A software that better helps researchers detect shifts in fuel
utilisation in human cells will allow them to determine whether
dietary intake and drugs would help normalise the chronic
inflammation that is known to drive the development of diseases
SHORE, an analytical tool developed in collaboration between
researchers from Boston University School of Medicine (BUSM) and
the Massachusetts Institute of Technology, enhances measurement and
analysis of energy production generated by human immune cells.
"Measuring energy production is critical for determining how
immune cells fuel inflammation in many diseases such as obesity and
diabetes," explained Barbara Nikolajczyk, PhD, associate professor
of microbiology at BUSM.
The software, using Extracellular Flux technology (technology
for cellular bioenergetic studies), can accurately compare
peripheral blood cells from healthy people to those with
Development of this automated tool increases the researchers'
capacity to analyse the large number of cell samples required for
rigor in human materials research.
"This method is a critical advance in the analysis of human
immune cells and is available as a free download to serve the
scientific community unencumbered," added Nikolajczyk.
Related information 1
In a 2015 study, the Boston University School of Medicine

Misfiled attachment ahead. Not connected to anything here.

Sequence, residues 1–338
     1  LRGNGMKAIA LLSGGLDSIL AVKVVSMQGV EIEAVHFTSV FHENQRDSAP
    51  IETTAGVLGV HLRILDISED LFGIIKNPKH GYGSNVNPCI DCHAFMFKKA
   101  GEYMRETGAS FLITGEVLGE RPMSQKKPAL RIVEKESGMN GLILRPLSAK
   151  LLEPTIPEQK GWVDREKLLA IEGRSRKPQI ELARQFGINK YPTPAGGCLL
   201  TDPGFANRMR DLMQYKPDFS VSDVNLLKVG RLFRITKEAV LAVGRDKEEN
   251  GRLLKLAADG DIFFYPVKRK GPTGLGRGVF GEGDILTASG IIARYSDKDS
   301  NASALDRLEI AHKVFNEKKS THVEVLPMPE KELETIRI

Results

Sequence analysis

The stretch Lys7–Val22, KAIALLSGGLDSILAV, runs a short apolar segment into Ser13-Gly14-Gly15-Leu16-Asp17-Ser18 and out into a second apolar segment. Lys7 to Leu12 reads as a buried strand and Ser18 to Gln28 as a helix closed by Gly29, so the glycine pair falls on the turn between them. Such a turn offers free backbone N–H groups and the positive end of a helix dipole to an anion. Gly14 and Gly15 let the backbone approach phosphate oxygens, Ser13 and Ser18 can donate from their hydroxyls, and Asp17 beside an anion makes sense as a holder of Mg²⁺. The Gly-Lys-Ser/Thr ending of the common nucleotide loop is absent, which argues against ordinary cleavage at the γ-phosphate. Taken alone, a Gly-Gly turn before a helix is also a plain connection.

identified a new fingerprint of inflammation that may be able to
predict which patients with obesity may also develop type 2
The researchers identified Th17 cells, known to be involved in
autoimmune diseases, as a dominant cell type in Type 2
The researchers also demonstrated that another important immune
cell, Th1, may be involved in the glycemic control aspect of Type 2
That study combined basic measures of inflammation in Type
2 diabetes with cutting-edge mathematical analysis to
sort through all changes in inflammatory proteins and
rank the changes from most to least important in an unbiased
"This newly identified fingerprint of inflammation relative
to different traits of Type 2 diabetes may be an important new
biomarker to predict the 75 percent of people with obesity who will
become Type 2 diabetic, versus the 25 percent of people with
obesity who remain metabolically healthy," explained Barbara
Nikolajczyk, PhD, associate professor of microbiology at BUSM.
2015 study article
Related information 2
In an earlier study in 2013, the Boston University School of
Medicine revealed that B cells regulate obesity-associated
inflammation and type 2 diabetes through two specific mechanisms.
The study called for continued exploration of B cells as a
therapeutic target to treat these diseases.
Previous research had shown that B cells, which are white
blood cells of the immune system, promote inflammation and
can lead to the development of type 2 diabetes, but the mechanisms
underlying B cell function were unclear.
The study indicated that B cells secrete a pro-inflammatory
ratio of proteins called cytokines, which directly promote the
insulin resistance that characterizes type 2 diabetes. The
researchers also demonstrated that B cells directly regulate
inflammatory T cells, an immune cell type known to
cause insulin resistance in animal models of disease.
"Now that we have identified the specific mechanisms by
cells promote inflammation, we can help develop novel,
targeted approaches to treat type 2 diabetes," said Nikolajczyk.
"Our study supports the continued exploration of FDA-approved B
cell depletion drugs, which are known to be generally safe and
effective, as novel agents to prevent obesity-associated
inflammation and type 2 diabetes."
2013 study article